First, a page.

Comment sections of sites like ours are strewn with the kneejerk response of Republicans when asked to confront and help fix climate change. No! No! Hoax! Lalala! It’s all about tax! Big Government! Conspiracy! UN control!
So you might think that a carbon tax to cut greenhouse gas emissions is the last thing that could pass our congress. But deep in a recent poll is a very encouraging response to a question about reducing carbon by a carbon tax, if it is paired with a corresponding reduction in income tax.
This shows a new way to get Republicans to share in taking the responsibility needed for developing the climate policy that must be developed to maintain a climate that we can all stand to survive in. So it is a very encouraging result, and one that I hope that policy makers in congress take a careful look at.
Zach covered the poll when it came out from Yale last month. One question struck me as showing a way forward on climate policy.
Here is that actual question as posed by the pollsters, and it even includes a definition to make it really clear what it is – a tax swap that is truly revenue neutral.
“Would you be more or less likely to vote for a candidate who supports legislation to reduce the federal income tax that Americans pay each year, but increase taxes on coal, oil, and natural gas by an equal amount? This tax shift would be “revenue neutral” (meaning the total amount of taxes collected by the government would stay the same), and would create jobs and decrease pollution”.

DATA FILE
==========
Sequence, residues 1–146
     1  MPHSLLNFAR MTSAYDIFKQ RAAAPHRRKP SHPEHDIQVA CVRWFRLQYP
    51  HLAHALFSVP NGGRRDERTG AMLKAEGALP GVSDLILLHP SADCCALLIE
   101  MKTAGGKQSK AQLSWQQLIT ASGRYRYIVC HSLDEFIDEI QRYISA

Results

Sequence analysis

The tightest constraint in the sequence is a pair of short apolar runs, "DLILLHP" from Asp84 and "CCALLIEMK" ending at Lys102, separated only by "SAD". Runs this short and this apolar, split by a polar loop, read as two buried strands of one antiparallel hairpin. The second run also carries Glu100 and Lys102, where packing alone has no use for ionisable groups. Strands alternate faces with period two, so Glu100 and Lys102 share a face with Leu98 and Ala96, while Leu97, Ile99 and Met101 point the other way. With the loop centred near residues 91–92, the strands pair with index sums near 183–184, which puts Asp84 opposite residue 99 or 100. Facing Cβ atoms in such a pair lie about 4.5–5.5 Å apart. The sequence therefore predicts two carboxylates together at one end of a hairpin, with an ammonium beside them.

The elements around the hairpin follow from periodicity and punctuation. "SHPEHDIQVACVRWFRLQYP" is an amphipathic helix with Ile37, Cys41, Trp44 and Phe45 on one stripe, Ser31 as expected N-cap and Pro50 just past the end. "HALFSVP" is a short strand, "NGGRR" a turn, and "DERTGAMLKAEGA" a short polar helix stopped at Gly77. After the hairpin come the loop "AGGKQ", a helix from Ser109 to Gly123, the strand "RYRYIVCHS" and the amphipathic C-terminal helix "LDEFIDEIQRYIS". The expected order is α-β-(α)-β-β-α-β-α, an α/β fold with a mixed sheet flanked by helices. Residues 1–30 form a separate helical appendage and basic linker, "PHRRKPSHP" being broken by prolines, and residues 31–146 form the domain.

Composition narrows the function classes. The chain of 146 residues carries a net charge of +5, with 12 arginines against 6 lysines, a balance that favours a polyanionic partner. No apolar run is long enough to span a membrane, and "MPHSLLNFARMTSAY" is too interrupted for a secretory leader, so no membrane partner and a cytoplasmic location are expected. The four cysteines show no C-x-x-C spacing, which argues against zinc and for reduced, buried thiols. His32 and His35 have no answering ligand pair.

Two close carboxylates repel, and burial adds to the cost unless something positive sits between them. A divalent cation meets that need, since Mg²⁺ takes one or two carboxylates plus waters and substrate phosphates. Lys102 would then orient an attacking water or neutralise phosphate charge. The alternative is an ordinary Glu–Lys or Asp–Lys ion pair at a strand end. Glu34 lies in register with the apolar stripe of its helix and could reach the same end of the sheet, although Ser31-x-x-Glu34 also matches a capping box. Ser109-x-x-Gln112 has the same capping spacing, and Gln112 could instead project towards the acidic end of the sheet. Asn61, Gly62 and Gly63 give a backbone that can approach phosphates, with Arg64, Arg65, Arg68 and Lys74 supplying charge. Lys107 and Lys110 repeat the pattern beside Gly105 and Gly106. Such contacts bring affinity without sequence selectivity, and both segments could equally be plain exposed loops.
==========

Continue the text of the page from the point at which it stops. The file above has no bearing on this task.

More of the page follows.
Of Republicans polled 51% would support or strongly support such a candidate, along with 74% of Democrats.
Now, just in case you think the polling group must have been skewed, other questions got more predictable responses.
“How much do you support or oppose the building of the Keystone XL pipeline?” Even while supporting taxation to cut carbon dioxide, 87% of these same Republicans support or strongly support building the Keystone pipeline, along with 50% of the Democrats. So these truly are fairly typical Republicans in the polled group.
And just in case you might think they only heard the “lower my taxes” part of the question, they also responded in a way that is consistent with that response, to the question “Do you support or strongly support regulating carbon dioxide (the primary greenhouse gas) as a pollutant; 67% of the Republicans answered yes, along with 84% of the Democrats.
Republican voters have been regularly ousting their congress members who’ve ever voted for all of the Democratic clean energy and climate bills for decades till now. Gone are Senators Lincoln Chafee, Gordon Smith, Norman Coleman, Arlen Specter who all previously voted with Democrats on sensible and responsible climate policy proposals. Only Senators Susan Collins and Cynthia Snowe remained unscathed.
But congress has not yet proposed swapping a carbon tax that would displace income tax. It is an idea that Al Gore suggested a few years ago in a famous hearing before Senators Boxer and Inhofe.
Given that his proposed BTU tax in 1993 (which exempted clean energy BTUs) set off the carbon lobby in a fury that has not abated in the two and a half decades since, no one has dared suggest a straight carbon tax since. But perhaps, by devising a way to swap it in an income tax cut, Republican voters can overpower the influence of the carbon lobby on their representatives in congress?